I also got to thinking about how writing can often be an even more arduous and treacherous journey than reading the finished product. While I have had times in which the words flew freely from my fingers, many times this is not the case. It's amazing how many times my thought process will shift while I'm writing a piece.
Whenever I'm working on a piece of fiction, I always have this nagging need to be unpredictable, to the point that my stories often go off the rails. When I'm working on nonfiction, I don't seem to have the same problem. Usually I can tie everything up enough to make it somewhat complete at the least.
But the beautiful thing about anything that I sit down to write is that through the process I always learn something about myself. Often it's that I don't know as much about something as I had previously believed. I also tend to create new characters, places and things that end up being part of something else later.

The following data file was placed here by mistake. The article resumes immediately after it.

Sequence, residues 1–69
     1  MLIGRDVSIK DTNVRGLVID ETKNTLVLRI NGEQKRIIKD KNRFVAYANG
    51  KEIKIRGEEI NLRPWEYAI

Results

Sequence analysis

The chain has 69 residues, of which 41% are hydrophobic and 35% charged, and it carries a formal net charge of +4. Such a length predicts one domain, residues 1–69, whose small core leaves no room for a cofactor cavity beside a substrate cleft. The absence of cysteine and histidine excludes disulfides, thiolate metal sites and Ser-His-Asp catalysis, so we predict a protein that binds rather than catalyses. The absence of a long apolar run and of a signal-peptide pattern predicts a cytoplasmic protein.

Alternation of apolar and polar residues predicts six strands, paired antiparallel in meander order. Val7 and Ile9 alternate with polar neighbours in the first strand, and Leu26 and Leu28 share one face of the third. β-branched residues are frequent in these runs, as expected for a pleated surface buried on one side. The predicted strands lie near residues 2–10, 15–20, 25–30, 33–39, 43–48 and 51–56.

Really, I shouldn't try to separate the creative writing from the nonfiction, because creativity is what fuels the greatest writing. There is such a thing as creative nonfiction of course, but that's not really what I mean. I have been trained to think that i have to keep the informative article type pieces I write entirely separate from my often rather odd imaginings. I don't think I should let myself do that anymore.
I have this strong urge to make my writing really go places. I don't mean trying to write to make piles of money or become famous or anything. I just don't want my creative work to be stuck in neutral while my nonfiction writing feels boring and stale.
I want to take my readers on special journeys that they never could have predicted. Really, life is unpredictable, so why not write like you're just going to the store to buy some milk and bread and end up going on an epic intergalactic journey?